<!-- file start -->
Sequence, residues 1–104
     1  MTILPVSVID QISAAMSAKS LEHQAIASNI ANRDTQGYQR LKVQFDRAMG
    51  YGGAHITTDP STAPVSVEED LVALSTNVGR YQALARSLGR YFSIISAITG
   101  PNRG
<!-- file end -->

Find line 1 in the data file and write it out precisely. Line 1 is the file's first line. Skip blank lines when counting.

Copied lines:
Sequence, residues 1–104